A new 3D-printed cannabis inhaler lets doctors administer medical marijuana remotely

Published January 2, 2017 by lagmen
Syqe Cannabis Inhaler

While marijuana is increasingly recognized for its medicinal and therapeutic effects, prescribing the drug—”take two hits and call me in the morning”—has long been a tricky proposition for doctors.

Perhaps until now. Syqe Medical—a startup out of Tel-Aviv, Israel—has created a cannabis inhaler that allows doctors to prescribe a precise dose of marijuana and even administer it remotely. The inhaler was green-lighted by the Israel Health Ministry, and has been in use for a year at Rambam hospital in Haifa, which the Times of Israel describes as the world’s first such institution to prescribe weed as “standard medical treatment.”

“For doctors, the inhaler solves the problem of prescribing plants for smoking, and offers a solution for patients in that, for the first time, they will be able to receive a precise dose of medical cannabis,” said Syqe Medical chairman Eytan Hyam.

Made with 3D-printing technology, the inhaler comes in two variations—one for individuals and for medical institutions. The hospital version includes a care-giver interface and allows for remote dosing; it was created for use in pain clinics, cancer centers, intensive care units, and other medical institutions.

The pocket-size gadgets come pre-loaded with 100-microgram cannabis cartridges, plus thermal and flow controllers, lung interfacing, and wireless connectivity to a clinical database that serves physicians, researchers and health care entities. The marijuana is structurally modified—i.e. the plant with no chemical alteration, rather than a highly processed weed concentrate.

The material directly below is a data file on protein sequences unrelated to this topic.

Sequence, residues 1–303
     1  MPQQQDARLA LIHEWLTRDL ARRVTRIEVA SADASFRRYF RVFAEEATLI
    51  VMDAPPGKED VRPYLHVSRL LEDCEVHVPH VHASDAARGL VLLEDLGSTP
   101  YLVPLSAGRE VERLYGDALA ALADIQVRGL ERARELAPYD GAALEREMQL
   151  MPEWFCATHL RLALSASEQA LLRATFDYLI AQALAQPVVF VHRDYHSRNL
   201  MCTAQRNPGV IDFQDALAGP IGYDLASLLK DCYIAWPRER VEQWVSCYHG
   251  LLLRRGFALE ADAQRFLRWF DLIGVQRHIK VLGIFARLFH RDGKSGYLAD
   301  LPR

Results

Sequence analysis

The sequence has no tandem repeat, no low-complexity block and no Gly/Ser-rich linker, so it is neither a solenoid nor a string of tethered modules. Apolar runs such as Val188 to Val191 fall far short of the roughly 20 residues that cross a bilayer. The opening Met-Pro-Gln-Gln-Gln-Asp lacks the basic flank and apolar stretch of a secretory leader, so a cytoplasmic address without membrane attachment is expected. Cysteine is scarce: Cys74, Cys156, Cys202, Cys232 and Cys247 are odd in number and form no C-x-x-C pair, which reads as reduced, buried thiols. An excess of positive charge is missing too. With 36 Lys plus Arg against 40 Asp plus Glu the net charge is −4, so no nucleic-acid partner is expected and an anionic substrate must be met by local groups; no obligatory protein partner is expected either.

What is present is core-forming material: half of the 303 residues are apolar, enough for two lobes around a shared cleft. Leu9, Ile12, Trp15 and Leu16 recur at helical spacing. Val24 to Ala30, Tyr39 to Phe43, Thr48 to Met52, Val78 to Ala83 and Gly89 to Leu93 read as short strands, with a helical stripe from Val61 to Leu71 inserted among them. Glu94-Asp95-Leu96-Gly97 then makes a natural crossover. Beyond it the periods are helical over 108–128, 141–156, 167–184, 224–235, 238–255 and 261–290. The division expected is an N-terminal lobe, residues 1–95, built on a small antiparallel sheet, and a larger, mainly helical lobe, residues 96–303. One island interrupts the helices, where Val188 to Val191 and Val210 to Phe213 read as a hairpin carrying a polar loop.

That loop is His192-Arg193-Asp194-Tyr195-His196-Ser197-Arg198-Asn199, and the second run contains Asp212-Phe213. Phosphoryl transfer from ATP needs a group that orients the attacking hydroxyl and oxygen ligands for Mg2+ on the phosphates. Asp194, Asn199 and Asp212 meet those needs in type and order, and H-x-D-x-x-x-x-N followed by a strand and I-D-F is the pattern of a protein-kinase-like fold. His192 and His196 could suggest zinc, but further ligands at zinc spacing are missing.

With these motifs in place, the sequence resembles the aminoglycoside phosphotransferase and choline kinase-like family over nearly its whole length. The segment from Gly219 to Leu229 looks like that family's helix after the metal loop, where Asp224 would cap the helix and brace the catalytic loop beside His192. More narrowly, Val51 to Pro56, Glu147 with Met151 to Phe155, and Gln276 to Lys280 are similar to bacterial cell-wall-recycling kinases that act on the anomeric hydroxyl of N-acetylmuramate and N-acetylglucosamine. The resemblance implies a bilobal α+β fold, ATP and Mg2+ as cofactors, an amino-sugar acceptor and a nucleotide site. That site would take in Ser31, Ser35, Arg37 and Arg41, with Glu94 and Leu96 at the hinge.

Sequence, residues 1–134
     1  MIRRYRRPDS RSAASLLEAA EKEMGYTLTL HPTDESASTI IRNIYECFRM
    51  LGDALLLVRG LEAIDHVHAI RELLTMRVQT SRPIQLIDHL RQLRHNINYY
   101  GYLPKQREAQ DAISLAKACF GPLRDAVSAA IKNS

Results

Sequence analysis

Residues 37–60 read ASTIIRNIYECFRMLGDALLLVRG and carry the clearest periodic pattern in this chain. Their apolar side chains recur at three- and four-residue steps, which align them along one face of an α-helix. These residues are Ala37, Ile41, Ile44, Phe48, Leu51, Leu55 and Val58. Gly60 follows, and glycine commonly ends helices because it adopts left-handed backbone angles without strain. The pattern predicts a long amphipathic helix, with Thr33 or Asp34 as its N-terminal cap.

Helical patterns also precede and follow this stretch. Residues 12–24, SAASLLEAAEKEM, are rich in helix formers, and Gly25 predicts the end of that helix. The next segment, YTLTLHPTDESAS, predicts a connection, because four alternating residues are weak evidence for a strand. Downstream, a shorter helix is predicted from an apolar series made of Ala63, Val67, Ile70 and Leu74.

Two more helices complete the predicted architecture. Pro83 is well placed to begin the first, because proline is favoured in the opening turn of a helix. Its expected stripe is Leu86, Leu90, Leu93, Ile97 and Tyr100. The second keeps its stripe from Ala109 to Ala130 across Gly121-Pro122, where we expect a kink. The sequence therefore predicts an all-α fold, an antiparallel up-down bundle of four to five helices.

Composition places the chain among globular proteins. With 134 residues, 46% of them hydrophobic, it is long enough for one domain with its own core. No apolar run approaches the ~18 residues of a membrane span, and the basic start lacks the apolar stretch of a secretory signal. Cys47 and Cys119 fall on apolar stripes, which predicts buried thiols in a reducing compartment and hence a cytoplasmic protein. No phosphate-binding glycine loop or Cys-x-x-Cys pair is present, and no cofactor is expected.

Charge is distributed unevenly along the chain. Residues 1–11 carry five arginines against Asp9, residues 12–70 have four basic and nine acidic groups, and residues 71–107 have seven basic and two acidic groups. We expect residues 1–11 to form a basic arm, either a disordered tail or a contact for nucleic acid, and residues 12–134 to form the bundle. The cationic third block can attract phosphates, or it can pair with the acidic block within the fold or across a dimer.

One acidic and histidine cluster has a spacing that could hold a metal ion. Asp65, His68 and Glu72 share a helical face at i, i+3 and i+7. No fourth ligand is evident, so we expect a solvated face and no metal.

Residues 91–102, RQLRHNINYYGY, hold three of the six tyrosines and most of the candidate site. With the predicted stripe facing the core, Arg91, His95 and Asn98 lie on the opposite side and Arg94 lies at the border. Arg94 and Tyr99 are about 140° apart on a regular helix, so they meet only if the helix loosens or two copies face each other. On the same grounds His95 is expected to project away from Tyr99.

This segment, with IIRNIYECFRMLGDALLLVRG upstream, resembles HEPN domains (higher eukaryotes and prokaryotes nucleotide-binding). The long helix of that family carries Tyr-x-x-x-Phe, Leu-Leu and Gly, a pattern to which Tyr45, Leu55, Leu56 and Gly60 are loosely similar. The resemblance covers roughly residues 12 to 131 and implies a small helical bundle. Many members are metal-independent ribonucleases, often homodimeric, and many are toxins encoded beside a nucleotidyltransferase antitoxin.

Syqe inhaler with wireless connectivity.

Last month, Syqe took the first step toward making its inhalers available nationwide, striking an exclusive marketing and distribution deal with Teva Pharmaceuticals—formed in Israel and now considered the world’s largest generic drug maker. The health ministry has approved the cannabis inhalers for widespread use with medical marijuana patients in 2017, Teva and Syqe said in a statement about the deal.

The development has obvious health benefits for Israel’s 26,000 medical-marijuana users: They won’t have to ingest carcinogens by smoking their medicine (which 90% currently do) and the inhalers have the added benefit of discretion. Teva and Syqe expect Israel’s medical-marijuana licenses to double by 2018.

But the device will also provide scientists and researchers with a way to track and control dosage, which is crucial to studying weed-as-treatment. “The extent of medical cannabis use for the treatment of pain and other symptoms has increased significantly in recent years,” says Elon Eisenberg, director of the Pain Research Department at Rambam Medical Center. “The development of this inhaler fulfills our greatest hopes, to be able to administer accurate and reliable doses of cannabis….[It’s] a breakthrough in cannabis treatment and the medical use of cannabis in Israel and around the world.”

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